Significantly, both the Bible and rabbinic tradition understood divine parenthood in this way. They contrasted the description of Noah (“Noah walked with G-d”) and that of Abraham (“The G-d before whom I have walked”, 24: 40). G-d himself says to Abraham “Walk ahead of Me and be perfect” (17: 1). G-d signals the way, then challenges His children to walk on ahead.

In one of the most famous of all Talmudic passages, the Babylonian Talmud (Baba Metzia 59b) describes how the sages outvoted Rabbi Eliezer despite the fact that his view was supported by a heavenly voice. It continues by describing an encounter between Rabbi Natan and the prophet Elijah. Rabbi Natan asks the prophet: What was G-d’s reaction to that moment, when the law was decided by majority vote rather than heavenly voice? Elijah replies, “He smiled and said, ‘My children have defeated me! My children have defeated me!'”

To be a parent in Judaism is to make space within which a child can grow. Astonishingly, this applies even when the parent is G-d (avinu, “our Father”) himself. In the words of Rabbi Joseph Soloveitchik, “The Creator of the world diminished the image and stature of creation in order to leave something for man, the work of His hands, to do, in order to adorn man with the crown of creator and maker” (Halakhic Man, p 107).

This idea finds expression in halakhah, Jewish law. Despite the emphasis in the Torah on honoring and revering parents, Maimonides rules:

Although children are commanded to go to great lengths [in honoring parents], a father is forbidden to impose too heavy a yoke on them, or to be too exacting with them in matters relating to his honor, lest he cause them to stumble. He should forgive them and close his eyes, for a father has the right to forgo the honor due to him. (Hilkhot Mamrim 6:8)

The story of Abraham can be read in two ways, depending on how we reconcile the end of chapter 11 with the beginning of chapter 12. One reading emphasizes discontinuity. Abraham broke with all that went before. The other emphasizes continuity. Terach, his father, had already begun to wrestle with idolatry. He had set out on the long walk to the land which would eventually become holy, but stopped half way. Abraham completed the journey his father began.

Perhaps childhood itself has the same ambiguity. There are times, especially in adolescence, when we tell ourselves that we are breaking with our parents, charting a path that is completely new. Only in retrospect, many years later, do we realize how much we owe our parents – how, even at those moments when we felt most strongly that we were setting out on a journey uniquely our own, we were, in fact, living out the ideals and aspirations that we learned from them.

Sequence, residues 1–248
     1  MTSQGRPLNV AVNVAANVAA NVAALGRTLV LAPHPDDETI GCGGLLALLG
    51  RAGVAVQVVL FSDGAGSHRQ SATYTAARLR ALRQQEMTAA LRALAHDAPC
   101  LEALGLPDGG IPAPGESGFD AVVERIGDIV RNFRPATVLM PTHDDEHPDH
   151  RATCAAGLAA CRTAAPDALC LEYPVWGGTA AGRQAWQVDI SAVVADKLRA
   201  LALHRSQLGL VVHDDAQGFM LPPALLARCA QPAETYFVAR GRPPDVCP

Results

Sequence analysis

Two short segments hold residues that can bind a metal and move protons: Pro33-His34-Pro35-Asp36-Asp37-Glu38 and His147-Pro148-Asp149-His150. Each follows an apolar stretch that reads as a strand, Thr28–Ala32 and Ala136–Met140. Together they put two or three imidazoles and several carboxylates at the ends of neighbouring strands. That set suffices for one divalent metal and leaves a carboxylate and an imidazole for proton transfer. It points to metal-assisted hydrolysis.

And it began with G-d himself, who left, and continues to leave, space for us, His children, to walk on ahead.

To read more writings and teachings from the Chief Rabbi Lord Jonathan Sacks, please visit www.chiefrabbi.org.

Leave a Reply

Please note: comments may be published in the Algemeiner print edition. Comments written in all caps will be deleted.


Current day month ye@r *

More...

  • Arts and Culture Music Coldplay Begins Concert With Broadcast of Charlie Chaplin’s Iconic Speech in ‘The Great Dictator’

    Coldplay Begins Concert With Broadcast of Charlie Chaplin’s Iconic Speech in ‘The Great Dictator’

    British rock band Coldplay started its set at the Glastonburg Festival on Sunday by broadcasting excerpts of the iconic speech Charlie Chaplin delivered in The Great Dictator, the 1940 political satire in which the famous filmmaker/movie star played a Jewish barber. “I’m sorry, but I don’t want to be an emperor. That’s not my business. I don’t want to rule or conquer anyone,” Chaplin begins his address. “I should like to help everyone, if possible, Jew, Gentile, black man, white. We all want to help one […]

    Read more →
  • Blogs Sports Two Decades Before Cleveland’s First NBA Title, LeBron James Walked Onto a JCC Court

    Two Decades Before Cleveland’s First NBA Title, LeBron James Walked Onto a JCC Court

    JNS.org – The seed for the city of Cleveland’s first professional championship in a major sport in 52 years may have been planted at the Shaw Jewish Community Center on White Pond Drive in Akron, Ohio, nearly 20 years ago. That’s when a tall, lanky kid from Akron named LeBron James walked onto the hardwood court and changed the game of basketball forever. Coach Keith Dambrot, now the head basketball coach at the University of Akron, conducted those sessions that attracted […]